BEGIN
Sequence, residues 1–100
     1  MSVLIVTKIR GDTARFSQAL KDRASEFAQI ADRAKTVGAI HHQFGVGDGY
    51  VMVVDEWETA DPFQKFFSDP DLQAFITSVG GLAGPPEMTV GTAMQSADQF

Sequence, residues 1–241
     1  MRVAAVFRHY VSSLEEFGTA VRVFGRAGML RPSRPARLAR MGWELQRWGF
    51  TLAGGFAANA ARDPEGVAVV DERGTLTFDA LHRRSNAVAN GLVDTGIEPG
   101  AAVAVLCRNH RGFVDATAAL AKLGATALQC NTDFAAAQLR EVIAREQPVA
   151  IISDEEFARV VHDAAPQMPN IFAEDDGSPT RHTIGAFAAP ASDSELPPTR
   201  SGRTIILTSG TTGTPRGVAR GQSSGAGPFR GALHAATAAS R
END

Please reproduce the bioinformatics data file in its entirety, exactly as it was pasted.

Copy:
Sequence, residues 1–100
     1  MSVLIVTKIR GDTARFSQAL KDRASEFAQI ADRAKTVGAI HHQFGVGDGY
    51  VMVVDEWETA DPFQKFFSDP DLQAFITSVG GLAGPPEMTV GTAMQSADQF

Sequence, residues 1–241
     1  MRVAAVFRHY VSSLEEFGTA VRVFGRAGML RPSRPARLAR MGWELQRWGF
    51  TLAGGFAANA ARDPEGVAVV DERGTLTFDA LHRRSNAVAN GLVDTGIEPG
   101  AAVAVLCRNH RGFVDATAAL AKLGATALQC NTDFAAAQLR EVIAREQPVA
   151  IISDEEFARV VHDAAPQMPN IFAEDDGSPT RHTIGAFAAP ASDSELPPTR
   201  SGRTIILTSG TTGTPRGVAR GQSSGAGPFR GALHAATAAS R